Facebook’s policies on political ads are being criticized yet again, with several civil rights leaders recently invited to CEO Mark Zuckerberg’s home slamming what they say is a “lackluster response” to their concerns.
Civil rights groups that participated in last month’s dinner meeting with Zuckerberg — including The Leadership Conference on Civil and Human Rights, NAACP and Muslim Advocates — said Wednesday that Facebook had not adequately addressed concerns about hate speech raised at the dinner.
“Our communities are being targeted by bad actors on Facebook and the company has a moral obligation to fix this ongoing problem,” the groups said in a statement emailed to CNN Business. “Facebook’s lackluster response to our serious concerns is devoid of any commitments to implement substantive measures and changes to its policies,” they added.
At the dinner, which took place on November 4, the civil rights groups raised concerns about Facebook’s policy of allowing politicians to run false ads, as well as the company’s tackling of hate speech. The groups subsequently sent a letter following up on the issues discussed at the dinner, to which Facebook responded earlier this week.
“We presume a public interest value in people hearing from and responding to politicians, but the speech is still evaluated against the risk of harm,” said the letter from Lindsay Elin, a senior Facebook public policy executive. Posts from politicians may be exempt from Facebook’s community standards if the company deems them “newsworthy,” but “all ads, including those posted by politicians, must still comply with our Community Standards and our Advertising Policies,” Elin added.
However, Facebook pushed back against one of the groups’ key demands — to subject political ads to independent fact-checking.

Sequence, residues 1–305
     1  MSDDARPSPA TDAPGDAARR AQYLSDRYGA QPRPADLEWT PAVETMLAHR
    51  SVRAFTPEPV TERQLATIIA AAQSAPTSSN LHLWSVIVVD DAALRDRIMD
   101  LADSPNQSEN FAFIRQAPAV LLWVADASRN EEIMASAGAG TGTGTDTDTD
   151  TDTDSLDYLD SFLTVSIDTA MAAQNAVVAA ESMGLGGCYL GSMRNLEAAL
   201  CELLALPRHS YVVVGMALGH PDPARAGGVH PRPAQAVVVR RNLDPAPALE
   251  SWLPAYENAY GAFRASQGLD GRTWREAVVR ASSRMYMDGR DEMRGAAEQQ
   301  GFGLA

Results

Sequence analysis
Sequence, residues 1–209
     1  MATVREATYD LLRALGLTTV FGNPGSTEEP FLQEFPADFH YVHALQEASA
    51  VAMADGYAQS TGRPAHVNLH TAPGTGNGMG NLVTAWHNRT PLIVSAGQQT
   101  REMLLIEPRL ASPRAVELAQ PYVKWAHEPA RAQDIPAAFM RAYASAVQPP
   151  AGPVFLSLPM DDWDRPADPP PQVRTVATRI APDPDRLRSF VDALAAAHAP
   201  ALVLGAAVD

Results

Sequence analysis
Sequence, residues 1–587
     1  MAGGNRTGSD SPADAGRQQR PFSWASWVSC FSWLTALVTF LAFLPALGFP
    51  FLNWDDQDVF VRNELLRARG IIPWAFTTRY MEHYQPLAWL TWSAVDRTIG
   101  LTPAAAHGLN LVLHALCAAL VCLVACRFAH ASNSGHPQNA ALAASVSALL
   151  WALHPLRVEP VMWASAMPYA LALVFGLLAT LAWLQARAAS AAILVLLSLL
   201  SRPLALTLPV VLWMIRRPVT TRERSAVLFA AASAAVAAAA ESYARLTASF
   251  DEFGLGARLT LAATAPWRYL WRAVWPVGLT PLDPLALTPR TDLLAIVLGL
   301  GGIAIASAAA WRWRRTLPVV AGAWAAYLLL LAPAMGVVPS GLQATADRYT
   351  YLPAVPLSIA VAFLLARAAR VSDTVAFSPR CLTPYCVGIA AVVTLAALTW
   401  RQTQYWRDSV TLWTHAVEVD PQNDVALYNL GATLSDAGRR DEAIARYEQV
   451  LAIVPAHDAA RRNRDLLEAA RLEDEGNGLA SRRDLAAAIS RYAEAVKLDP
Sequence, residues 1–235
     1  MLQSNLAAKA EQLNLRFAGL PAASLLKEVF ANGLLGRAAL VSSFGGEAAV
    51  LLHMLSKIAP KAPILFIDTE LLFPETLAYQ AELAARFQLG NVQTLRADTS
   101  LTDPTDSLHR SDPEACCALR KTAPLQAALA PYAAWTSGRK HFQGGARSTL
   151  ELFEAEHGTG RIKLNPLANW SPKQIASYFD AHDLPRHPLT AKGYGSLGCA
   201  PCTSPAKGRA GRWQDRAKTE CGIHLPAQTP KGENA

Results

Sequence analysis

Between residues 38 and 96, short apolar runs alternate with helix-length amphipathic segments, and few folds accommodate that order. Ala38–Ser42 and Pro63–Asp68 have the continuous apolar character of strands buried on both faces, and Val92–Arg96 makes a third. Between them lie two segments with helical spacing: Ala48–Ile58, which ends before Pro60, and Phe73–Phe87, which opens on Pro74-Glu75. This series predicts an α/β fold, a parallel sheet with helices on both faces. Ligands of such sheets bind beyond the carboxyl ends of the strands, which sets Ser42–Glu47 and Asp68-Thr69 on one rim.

“We will not be sending politicians’ content to our third-party fact checking partners,” Elin said. “We have internally deliberated and discussed this issue at length and continue to believe that Facebook should not intervene in political debates or decide what information constituents can see.”
The letter also outlined other steps that Facebook has taken or is planning to take, including providing more information about advertisements, strengthening its commitment to civil rights and cracking down on voter suppression ahead of the 2020 election.
A Facebook spokesperson declined to comment beyond Elin’s letter, which was shared by the civil rights groups and addressed to Vanita Gupta, CEO of the Leadership Conference on Civil and Human Rights.
Facebook has come under fire from some Democratic presidential candidates, the US Congress, and even some of its own employees for its political ad policy, including allowing politicians to run targeted false ads. Twitter CEO Jack Dorsey announced last month that his platform would no longer accept political ads.
While the civil rights groups acknowledged that Facebook’s latest civil rights audit is yet to be completed, they said the company “appears to be unwilling to police its platform and enact sufficient measures on its own to protect our democracy and vulnerable communities.”
“Unless meaningful change happens, Facebook must be held to account by outside forces and measures, including legislation, regulation, strong enforcement, and litigation,” the groups added.